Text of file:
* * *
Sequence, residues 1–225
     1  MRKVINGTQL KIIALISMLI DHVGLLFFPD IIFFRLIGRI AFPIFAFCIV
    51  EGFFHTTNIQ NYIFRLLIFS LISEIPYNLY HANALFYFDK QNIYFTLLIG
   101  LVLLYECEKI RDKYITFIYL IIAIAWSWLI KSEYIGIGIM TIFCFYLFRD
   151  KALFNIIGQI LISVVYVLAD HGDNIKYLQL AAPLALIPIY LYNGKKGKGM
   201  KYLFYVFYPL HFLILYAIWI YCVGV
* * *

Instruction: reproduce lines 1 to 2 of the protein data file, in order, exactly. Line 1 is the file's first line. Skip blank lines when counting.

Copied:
Sequence, residues 1–225
     1  MRKVINGTQL KIIALISMLI DHVGLLFFPD IIFFRLIGRI AFPIFAFCIV